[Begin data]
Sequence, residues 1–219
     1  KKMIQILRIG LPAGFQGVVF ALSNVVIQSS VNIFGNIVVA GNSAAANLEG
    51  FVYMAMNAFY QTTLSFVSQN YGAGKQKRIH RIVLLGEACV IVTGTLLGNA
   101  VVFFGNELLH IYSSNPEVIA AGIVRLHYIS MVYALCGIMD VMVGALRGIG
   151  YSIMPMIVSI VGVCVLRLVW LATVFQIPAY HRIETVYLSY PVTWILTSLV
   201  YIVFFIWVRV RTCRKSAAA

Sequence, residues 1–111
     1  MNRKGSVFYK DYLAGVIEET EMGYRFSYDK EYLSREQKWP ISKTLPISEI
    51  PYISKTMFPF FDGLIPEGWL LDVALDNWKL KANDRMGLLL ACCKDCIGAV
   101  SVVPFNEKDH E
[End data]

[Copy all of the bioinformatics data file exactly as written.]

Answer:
Sequence, residues 1–219
     1  KKMIQILRIG LPAGFQGVVF ALSNVVIQSS VNIFGNIVVA GNSAAANLEG
    51  FVYMAMNAFY QTTLSFVSQN YGAGKQKRIH RIVLLGEACV IVTGTLLGNA
   101  VVFFGNELLH IYSSNPEVIA AGIVRLHYIS MVYALCGIMD VMVGALRGIG
   151  YSIMPMIVSI VGVCVLRLVW LATVFQIPAY HRIETVYLSY PVTWILTSLV
   201  YIVFFIWVRV RTCRKSAAA

Sequence, residues 1–111
     1  MNRKGSVFYK DYLAGVIEET EMGYRFSYDK EYLSREQKWP ISKTLPISEI
    51  PYISKTMFPF FDGLIPEGWL LDVALDNWKL KANDRMGLLL ACCKDCIGAV
   101  SVVPFNEKDH E